What Are International Equity Funds?

Definition & Examples of International Equity Funds

A stock broker rest his chin on his hand with screens surrounding him.
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Scott Olson / Staff

 

International equity funds are funds that purchase only stocks in non-U.S. companies. They represent an opportunity for investors to diversify their portfolios but do carry more risks than some other investments.

A report by Vanguard states that non-U.S. companies represent almost half of the global market capitalization. If you don't invest internationally, you are missing out on investing in a lot of important companies. But, before you start putting your money in investments outside the U.S., it's important to understand the risks and how to manage them.

What Are International Equity Funds?

Like other mutual funds, international equity funds are companies that purchase a variety of stocks based on a specific investing strategy, then sell that blend of shares to investors. The difference with an international fund is that all of its stocks are in companies based outside the U.S.

International funds offer investors an opportunity to diversify their portfolios and capitalize on growth in markets throughout the globe. But they carry greater risk than most domestic investments, due to factors such as exchange rates, political unrest, and different levels of liquidity.

  • Alternate name: International mutual funds, international stock funds

How International Equity Funds Work

Owning international equities may help boost your returns. Historically, international stock markets have actually tended to outperform U.S. markets, leading many advisors to recommend investing between 30% and 50% of your portfolio internationally. Because U.S. markets and international markets don't always move in the same way, owning international stocks can help reduce a portfolio's overall risk.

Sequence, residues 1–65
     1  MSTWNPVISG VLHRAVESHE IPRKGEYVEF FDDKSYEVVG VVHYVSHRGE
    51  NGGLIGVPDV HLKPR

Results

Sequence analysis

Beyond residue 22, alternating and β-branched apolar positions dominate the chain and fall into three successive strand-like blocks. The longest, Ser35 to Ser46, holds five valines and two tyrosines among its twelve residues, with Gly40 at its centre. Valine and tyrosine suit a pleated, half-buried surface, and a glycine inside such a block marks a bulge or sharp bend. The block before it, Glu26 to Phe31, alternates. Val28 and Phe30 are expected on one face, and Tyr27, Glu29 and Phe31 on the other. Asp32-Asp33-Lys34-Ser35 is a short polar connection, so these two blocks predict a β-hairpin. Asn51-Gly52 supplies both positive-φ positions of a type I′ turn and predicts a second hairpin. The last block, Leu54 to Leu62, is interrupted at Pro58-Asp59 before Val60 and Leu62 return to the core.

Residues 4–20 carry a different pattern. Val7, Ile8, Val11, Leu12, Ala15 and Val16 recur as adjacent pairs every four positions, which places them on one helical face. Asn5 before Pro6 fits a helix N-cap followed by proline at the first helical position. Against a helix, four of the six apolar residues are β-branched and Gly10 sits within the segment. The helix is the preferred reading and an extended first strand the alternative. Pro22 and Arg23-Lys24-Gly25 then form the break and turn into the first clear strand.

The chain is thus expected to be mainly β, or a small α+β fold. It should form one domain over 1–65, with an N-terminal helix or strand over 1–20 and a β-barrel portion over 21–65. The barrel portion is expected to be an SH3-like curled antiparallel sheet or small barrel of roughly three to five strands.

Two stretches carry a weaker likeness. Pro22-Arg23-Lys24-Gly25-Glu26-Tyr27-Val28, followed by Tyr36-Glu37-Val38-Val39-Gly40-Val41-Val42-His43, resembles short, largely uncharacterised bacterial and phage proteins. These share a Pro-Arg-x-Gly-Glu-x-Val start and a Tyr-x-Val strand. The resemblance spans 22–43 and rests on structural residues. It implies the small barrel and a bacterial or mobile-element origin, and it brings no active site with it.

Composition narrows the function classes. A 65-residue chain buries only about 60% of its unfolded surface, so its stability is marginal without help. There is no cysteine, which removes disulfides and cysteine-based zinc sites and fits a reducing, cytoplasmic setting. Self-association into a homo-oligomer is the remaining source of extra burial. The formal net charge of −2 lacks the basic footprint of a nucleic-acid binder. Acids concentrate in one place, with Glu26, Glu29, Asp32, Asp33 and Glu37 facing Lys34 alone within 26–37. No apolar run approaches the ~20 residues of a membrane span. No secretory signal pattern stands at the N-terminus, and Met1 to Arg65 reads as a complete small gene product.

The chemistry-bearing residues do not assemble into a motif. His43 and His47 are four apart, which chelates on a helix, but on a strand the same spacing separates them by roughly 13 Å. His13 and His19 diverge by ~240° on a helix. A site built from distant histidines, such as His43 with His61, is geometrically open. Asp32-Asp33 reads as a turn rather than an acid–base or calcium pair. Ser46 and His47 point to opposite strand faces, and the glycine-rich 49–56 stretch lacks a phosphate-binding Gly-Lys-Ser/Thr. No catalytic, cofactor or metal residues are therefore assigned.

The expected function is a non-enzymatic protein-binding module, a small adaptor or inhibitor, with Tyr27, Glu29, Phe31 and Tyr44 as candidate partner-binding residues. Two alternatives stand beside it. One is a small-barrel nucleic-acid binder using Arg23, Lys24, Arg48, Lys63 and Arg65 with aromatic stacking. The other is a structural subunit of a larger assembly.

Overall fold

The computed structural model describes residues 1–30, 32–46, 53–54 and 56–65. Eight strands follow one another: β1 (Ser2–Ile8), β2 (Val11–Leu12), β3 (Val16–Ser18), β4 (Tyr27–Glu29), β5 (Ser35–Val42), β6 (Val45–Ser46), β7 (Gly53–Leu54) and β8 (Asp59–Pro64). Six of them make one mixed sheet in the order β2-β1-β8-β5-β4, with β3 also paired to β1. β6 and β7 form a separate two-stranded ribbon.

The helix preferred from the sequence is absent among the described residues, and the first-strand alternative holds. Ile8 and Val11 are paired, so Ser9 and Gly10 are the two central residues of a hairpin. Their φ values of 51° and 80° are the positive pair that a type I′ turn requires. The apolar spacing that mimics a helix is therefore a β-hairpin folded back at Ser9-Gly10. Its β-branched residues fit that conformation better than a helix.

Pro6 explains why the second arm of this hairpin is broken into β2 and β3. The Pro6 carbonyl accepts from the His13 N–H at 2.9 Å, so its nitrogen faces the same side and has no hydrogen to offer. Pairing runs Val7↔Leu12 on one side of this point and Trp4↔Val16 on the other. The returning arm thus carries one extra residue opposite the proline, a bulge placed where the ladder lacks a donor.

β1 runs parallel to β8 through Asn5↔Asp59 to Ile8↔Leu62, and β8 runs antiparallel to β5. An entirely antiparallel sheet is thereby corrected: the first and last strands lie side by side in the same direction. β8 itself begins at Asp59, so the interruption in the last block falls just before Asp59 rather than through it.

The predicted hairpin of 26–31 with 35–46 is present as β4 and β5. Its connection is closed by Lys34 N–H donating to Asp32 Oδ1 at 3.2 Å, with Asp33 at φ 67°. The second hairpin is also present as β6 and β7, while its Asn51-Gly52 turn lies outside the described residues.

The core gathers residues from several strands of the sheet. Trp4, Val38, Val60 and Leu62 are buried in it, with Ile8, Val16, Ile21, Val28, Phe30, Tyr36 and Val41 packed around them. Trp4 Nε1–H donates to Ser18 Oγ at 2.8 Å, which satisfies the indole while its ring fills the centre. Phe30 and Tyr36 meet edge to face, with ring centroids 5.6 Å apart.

When one part of the world's markets is underperforming, another may be performing well. Owning both helps to bring balance to a portfolio.

International Equity Funds vs. Global Equity Funds

International equity funds are not to be confused with global equity funds. Global equity funds are made up of stocks of companies anywhere, meaning both U.S. and non-U.S. companies.

If you invest in a global fund to get international exposure, you may find that the majority of the fund's holdings are in U.S. companies. You may even already own those companies in another equity fund. If you want diversification, you should be looking for international equity funds.

Types of International Equities

There are two types of international funds: those that invest in developed countries, and those that invest in emerging markets. Emerging markets are countries or regions that have less developed economies but a lot of potential for growth. But because most of these countries, or their markets, are not highly regulated, there can be risks involved with investing there. With greater risk, however, often comes a greater potential return. Long-term growth potential for emerging markets is over 10%, compared to 6% for the S&P 500.